In recent days, my mind has turned again to the Lancaster Footlights and a stage production that I saw them do (before I joined them) of Bill Tidy's wonderful strip cartoon, The Fosdyke Saga.
Set in Manchester, it tells of the trials and tribulations of tripe baron Josiah Fosdyke and his family, who are pitted in eternal battle against the dastardly Roger Ditchley.
Alan Plater, who wrote the script, is sadly no longer with us. He was a wonderful writer – particularly about the north of England – with a fabulous CV that, among the serious works such as A Very British Coup, includes the magnificent comedies, Beiderbecke Trilogy, Doggin' Around (please, somebody – release this on DVD!) and The Last of the Blonde Bombshells.
His works that are set in the north have a genuine warmth and self-deprecating quality. He was never mawkishly sentimental, but always had tremendous humanity.
The Fosdyke Saga is, since it's based on a cartoon, a little different, and takes the humour to more farcical extents. I remember it with massive pleasure and still have a copy of the script.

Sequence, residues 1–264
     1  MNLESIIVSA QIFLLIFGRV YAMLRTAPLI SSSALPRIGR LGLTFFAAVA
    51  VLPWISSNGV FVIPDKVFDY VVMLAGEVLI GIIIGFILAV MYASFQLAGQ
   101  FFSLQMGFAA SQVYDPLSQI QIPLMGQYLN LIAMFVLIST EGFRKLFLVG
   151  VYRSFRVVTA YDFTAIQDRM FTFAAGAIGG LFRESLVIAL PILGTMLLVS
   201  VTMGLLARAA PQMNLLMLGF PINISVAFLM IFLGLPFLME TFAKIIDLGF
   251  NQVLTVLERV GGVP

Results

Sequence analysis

When the Footies did the play, the music – and there's plenty of it – was arranged by Noel McKee, my music teacher at the time. Later, I used one of the pieces from the play as an audition piece for college.
Noel, a Salford boy himself, spent the time to teach me the nuances of the accent, since my own northern tones, when I lapse from my practiced 'posh' into Northern, are actually those of Thameside, which is a little further to east of Manchester proper, edging onto the backbone of England, the Pennine chain.
I'm not sure the piece was fully appreciated by some of the stuffier interviewers – perhaps it lacked a classical touch? Although my other piece was a long speech by Paulina from Shakespeare's The Winter's Tale.
I've never actually eaten tripe – except in France, as andouillette, a tripe sausage, with a course mustard sauce. It was okay – I'd try it again, but I'm not falling over myself to eat tripe and onions, the classic way it used to be eaten in the north of England.
But here, with great a wave to the late, great Mr Plater – and to Noel, who died a couple of years ago, before I ever really got the chance to thank him really introducing me to classical music – is the poem he wrote for the The Fosdyke Saga and which formed half of my audition routine way back at the very beginning of the 1980s.
Sonnet to Manchester
- Leeds hath not anything to show more fair
Thick as short planks be he who would pass by
A cloud so noxious in intensity
Manchester now doth like a string vest wear
The dankness of the morning: surly folk,
Pubs, pawnshops, doggy dirt and knackers' yards
And drunken Irish navvies playing cards
All dull and spluttering in the acrid smoke
Never did muck more masochistic crown
In chocking splendour, never to wash off.
Never saw I a town so dirty brown,
Canal so sluggish like a smoker's cough.
Dear God, the very houses seem to frown
And all that mighty heart says: Bugger off.